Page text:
Can a Techie Ever Understand a Customer?
I used to run a tech company. We employed 48 techies, so I guess I can qualify as knowing a bit how they think. As they begain doing their work as project managers, programmers, and systems designers, I heard them frequently say: “Customers are stupid. They tell me what they want, and then when I give it to them they don’t want it.” I heard the remark so often (daily) that I decided to run a test. I called my head tech (Julian) in and told him I wanted him to design a program for me. Sure, he began. What do you want? I smiled, knowing I was setting him up, but wanting to see how he proceeded to get himself into trouble so I could go back and teach them all how to avoid the same problems.
Julian continued asking me very biased questions, some of which I couldn’t answer. What do I want? I want to be able to find my prospects (I was designing my own CRM system in 1985) and take notes in the files. How many screens do I want? WHAT?? Do you have any idea how many pages you want to have? WHAT? Do you know the sort of navigation you wanted? WHAT? I had no idea how to answer at least half of the questions. So he walked away thinking he’d have to fill in the blanks. But I knew what I wanted in my mind’s eye, and could have told him if he’d asked the sort of questions I could answer, using the sorts of words I used to think with.
You know what happened. He came back two weeks later with a mess. It was nothing that I could make sense of or use. And it certainly defied my vision of what I wanted.
Julian looked at me with THAT LOOK: yes, another Stupid User. But I wasn’t stupid: I just wasn’t asked what a non-techie could answer. Questions like:
- What would your program look like if it could do all that you wanted it to do?
- What have you been using to handle this until now?
- What would your program do if you had all of the choices in the world?
Once I taught my techies how to ask these sorts of questions, we were able to complete projects in half the time and go on to do further business as they freed up their in-house techies to do more creative work (we doubled our business every year during the big recession of the 80s). No more stupid users.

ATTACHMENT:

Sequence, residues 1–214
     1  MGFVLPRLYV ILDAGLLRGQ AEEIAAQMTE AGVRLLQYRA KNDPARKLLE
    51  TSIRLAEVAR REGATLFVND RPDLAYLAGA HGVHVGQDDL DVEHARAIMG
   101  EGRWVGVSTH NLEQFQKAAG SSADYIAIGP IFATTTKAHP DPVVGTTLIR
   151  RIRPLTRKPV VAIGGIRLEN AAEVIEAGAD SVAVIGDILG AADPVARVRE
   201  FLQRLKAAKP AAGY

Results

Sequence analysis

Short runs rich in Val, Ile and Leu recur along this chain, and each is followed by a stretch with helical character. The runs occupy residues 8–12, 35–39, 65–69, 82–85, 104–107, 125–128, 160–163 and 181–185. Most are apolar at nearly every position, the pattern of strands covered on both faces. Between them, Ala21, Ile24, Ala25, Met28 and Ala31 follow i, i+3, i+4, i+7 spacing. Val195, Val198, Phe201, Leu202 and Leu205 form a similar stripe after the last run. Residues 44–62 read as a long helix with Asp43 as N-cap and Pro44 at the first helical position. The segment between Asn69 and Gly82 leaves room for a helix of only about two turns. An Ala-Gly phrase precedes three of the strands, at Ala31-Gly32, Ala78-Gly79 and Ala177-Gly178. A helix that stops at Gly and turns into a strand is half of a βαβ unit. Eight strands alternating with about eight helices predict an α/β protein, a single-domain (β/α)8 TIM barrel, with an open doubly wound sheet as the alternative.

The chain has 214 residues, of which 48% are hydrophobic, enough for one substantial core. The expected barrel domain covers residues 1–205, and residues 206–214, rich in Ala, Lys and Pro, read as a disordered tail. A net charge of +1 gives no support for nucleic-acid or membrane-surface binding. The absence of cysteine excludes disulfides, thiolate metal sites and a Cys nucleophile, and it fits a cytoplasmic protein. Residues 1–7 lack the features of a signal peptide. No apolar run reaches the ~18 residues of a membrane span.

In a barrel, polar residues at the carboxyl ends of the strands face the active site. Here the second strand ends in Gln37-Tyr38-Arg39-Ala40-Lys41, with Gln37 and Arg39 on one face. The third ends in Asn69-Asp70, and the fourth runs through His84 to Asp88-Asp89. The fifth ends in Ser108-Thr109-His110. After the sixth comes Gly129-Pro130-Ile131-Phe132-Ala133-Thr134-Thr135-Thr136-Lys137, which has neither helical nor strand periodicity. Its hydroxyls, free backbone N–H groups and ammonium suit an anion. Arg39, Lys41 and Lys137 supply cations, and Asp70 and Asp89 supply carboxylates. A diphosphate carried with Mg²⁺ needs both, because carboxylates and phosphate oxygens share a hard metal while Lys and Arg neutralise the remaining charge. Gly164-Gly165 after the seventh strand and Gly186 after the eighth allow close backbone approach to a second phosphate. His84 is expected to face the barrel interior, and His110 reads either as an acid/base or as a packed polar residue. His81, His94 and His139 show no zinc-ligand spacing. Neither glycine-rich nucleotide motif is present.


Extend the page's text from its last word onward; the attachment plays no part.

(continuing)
TECHIES BEGIN WITH BIASES
Given I’ve frequently been a customer of techies (including recently when I experienced the same thing I’m going to complain about now), I can say that from my experience, techies begin every client conversation with several biases. 1. that the customer doesn’t really know what s/he wants; 2. that the techie REALLY knows better what the client wants; 3. that if the client doesn’t agree with the techie, the client is wrong (In my recent situation, the techie wouldn’t re-do his errors, saying they weren’t errors; it was just that I didn’t realize what was necessary and he knew what was right.).
Techies this SYSTEMS. Users think CONTENT. Two different things. But the much bigger problem is that techies (I’m speaking generically here, so apologies where necessary) assume that the way they think is the ‘right’ way. The reality is that the buyer is in control of the relationships, so the techie (who becomes the seller) must acceed and shift communication gears to meet the customer.
There is an NLP expression that fits here: The meaning of the communication is the response it elicits, separate from the response. And one of my favorits: For there to be a communication, there must be a sender AND a receiver. If you aren’t being ‘received’ you must change the way you are sending: it’s not the receiver’s responsibility to ‘HEAR’ appropriately. The LISTENER is always the person in control of the conversation (speakers have no idea what sort of listening filters buyers are using).
Once the techies realize it’s their responsibility to create a dialogue in which the customer gets to say, create, anything s/he wants to design, and the techies to figure out how to manifest the needs, then there are no more communication issues. The only reason there has been one is that (as a generic group… sorry..) techies have been creating communications based on personal biases, leaving the customer largely out of the loop until it is too late. Then projects ‘go spiralling out of control’ or customers ‘don’t know what they need’ or ‘didn’t put ‘that’ into the original work contract.
Techies have blamed the customer, instead of realizing that they have created the problem to begin with. It’s easy to resolve, if they can give up their natural scapegoat – the stupid customer.